The Chinese hackers who in July breached the email accounts of multiple government officials, including Commerce Secretary Gina Raimondo, stole 60,000 emails from just ten employees of the US State Department, the New York Times reported.
The shocking volume of the theft was revealed on Wednesday when Senate staffers were briefed on the July hack.
According to a staffer from Missouri Senator Eric Schmitt’s office who attended the briefing, the 60,000 stolen emails were from ten State Department accounts. Nine of those accounts belong to State Department employees working on Pacific and East Asian affairs while the tenth account belonged to an employee working the European desk, Reuters reported.
The hack of the Microsoft-based email accounts at Commerce and State was first revealed in July. However, neither Microsoft nor US officials would say at the time how many accounts were breached or how many emails were accessed.
While Washington has not officially blamed China for the July hack, several US officials, including Secretary Raimondo, have suggested that Beijing was behind it.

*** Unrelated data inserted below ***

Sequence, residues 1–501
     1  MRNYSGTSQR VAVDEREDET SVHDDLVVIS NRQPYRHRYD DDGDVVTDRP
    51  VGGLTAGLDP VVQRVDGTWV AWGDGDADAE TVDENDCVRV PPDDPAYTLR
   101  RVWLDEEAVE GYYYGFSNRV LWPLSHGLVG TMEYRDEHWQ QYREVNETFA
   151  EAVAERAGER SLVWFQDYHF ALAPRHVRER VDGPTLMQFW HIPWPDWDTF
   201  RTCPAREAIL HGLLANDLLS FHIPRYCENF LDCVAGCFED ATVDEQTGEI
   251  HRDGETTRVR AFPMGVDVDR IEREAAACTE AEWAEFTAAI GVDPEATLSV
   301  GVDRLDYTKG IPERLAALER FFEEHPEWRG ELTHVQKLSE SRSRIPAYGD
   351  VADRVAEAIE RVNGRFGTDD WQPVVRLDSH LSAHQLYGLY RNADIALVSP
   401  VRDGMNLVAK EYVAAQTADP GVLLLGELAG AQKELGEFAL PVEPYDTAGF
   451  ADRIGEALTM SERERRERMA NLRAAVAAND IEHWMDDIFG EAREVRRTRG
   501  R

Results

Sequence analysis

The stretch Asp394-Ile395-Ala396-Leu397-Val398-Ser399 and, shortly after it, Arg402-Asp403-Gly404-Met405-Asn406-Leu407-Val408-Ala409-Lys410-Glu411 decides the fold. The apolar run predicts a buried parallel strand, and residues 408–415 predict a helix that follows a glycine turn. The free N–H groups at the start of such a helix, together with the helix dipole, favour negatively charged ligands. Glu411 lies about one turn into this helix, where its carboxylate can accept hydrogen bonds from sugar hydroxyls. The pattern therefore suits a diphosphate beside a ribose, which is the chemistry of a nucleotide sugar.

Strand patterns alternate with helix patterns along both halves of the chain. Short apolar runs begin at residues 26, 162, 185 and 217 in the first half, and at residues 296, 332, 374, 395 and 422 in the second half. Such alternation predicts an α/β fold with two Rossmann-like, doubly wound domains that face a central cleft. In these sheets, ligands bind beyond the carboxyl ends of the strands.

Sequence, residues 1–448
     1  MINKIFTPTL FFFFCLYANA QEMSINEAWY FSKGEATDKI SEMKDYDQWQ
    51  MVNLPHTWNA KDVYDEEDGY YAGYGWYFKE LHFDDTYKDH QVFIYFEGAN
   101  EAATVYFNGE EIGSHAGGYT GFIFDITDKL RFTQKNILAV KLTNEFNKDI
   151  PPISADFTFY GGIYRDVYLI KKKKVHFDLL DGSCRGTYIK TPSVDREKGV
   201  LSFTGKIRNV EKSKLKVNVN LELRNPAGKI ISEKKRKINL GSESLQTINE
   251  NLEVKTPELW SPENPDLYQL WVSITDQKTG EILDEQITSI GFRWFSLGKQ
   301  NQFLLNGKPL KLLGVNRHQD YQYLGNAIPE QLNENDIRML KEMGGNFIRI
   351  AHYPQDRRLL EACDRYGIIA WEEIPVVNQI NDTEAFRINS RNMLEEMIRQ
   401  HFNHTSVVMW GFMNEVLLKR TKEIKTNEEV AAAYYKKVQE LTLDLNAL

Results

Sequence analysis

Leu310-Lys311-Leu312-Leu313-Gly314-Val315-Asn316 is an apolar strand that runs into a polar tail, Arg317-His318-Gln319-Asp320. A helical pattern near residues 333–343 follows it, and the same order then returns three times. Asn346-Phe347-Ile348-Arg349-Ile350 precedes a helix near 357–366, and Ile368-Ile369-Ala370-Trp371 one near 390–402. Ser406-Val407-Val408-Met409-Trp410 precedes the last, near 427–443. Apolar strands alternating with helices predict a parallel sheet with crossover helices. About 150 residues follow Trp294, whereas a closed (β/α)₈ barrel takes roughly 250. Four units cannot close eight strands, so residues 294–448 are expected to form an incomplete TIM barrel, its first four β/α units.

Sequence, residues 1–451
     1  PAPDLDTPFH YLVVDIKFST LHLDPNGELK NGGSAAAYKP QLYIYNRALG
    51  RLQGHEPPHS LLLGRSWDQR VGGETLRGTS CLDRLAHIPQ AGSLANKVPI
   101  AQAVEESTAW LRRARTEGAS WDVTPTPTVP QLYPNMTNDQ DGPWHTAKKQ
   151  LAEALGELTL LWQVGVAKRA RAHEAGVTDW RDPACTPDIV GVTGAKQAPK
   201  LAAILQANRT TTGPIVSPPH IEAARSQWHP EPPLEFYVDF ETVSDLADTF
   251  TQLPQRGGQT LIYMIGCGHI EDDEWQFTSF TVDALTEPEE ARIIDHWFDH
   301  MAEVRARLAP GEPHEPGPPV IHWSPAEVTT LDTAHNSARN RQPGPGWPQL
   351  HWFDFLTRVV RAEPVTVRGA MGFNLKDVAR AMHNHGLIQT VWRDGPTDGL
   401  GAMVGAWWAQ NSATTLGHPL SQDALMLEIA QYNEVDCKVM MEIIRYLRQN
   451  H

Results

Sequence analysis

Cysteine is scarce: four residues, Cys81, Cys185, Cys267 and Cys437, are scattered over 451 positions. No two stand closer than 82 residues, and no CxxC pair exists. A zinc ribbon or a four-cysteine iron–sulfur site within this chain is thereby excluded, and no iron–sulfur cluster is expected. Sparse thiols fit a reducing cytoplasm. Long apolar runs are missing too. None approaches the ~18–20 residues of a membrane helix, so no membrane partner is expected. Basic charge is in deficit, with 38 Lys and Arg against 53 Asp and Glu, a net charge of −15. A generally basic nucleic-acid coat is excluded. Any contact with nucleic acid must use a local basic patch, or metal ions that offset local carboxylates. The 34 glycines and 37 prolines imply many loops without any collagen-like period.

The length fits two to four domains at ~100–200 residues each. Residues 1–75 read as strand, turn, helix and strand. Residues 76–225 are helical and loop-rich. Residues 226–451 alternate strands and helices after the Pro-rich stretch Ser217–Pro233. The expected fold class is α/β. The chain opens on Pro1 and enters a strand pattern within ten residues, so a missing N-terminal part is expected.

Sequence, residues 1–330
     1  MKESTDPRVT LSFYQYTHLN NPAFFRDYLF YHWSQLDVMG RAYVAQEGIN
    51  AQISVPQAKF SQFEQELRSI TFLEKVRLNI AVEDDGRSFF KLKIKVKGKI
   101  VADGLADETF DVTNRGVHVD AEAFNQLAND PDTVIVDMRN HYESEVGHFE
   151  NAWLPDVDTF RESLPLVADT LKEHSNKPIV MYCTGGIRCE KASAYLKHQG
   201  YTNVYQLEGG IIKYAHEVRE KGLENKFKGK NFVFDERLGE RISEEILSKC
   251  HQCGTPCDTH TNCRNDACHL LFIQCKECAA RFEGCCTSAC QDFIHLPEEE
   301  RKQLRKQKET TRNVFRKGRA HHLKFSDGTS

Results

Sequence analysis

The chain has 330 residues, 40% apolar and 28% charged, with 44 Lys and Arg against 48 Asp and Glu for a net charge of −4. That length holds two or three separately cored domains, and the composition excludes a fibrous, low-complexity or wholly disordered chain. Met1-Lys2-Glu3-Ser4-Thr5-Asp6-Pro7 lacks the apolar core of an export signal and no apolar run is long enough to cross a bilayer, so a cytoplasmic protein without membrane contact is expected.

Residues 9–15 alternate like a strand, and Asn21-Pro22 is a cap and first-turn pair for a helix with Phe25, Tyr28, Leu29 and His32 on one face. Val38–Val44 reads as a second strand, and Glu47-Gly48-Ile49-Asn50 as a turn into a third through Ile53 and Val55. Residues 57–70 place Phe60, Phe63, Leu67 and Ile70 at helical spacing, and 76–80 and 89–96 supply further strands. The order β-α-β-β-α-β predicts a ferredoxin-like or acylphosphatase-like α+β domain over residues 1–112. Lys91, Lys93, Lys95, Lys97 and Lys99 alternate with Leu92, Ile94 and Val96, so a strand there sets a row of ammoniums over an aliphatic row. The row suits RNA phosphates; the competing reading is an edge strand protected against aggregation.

Using a stolen Microsoft certificate, the hackers penetrated the State Department accounts, Biden officials told the staffers. In total, the stolen certificate was used to hack 25 government agencies and organizations.
In a statement obtained by Reuters, Senator Eric Schmitt (R-MO) said after Wednesday’s briefing that the federal government must “harden our defenses” against cyberattacks and examine whether its “reliance on a single vendor” could be a “potential weak point.”
Schmitt added that he would press administration officials for answers on how to ensure that “nefarious actors” like China cannot “gain access to the federal government’s most sensitive information.”
Since the July breach, Microsoft has faced criticism over its security practices. The company said in early September that the group behind the hack, Storm-0558, broke into webmail accounts using its Outlook service.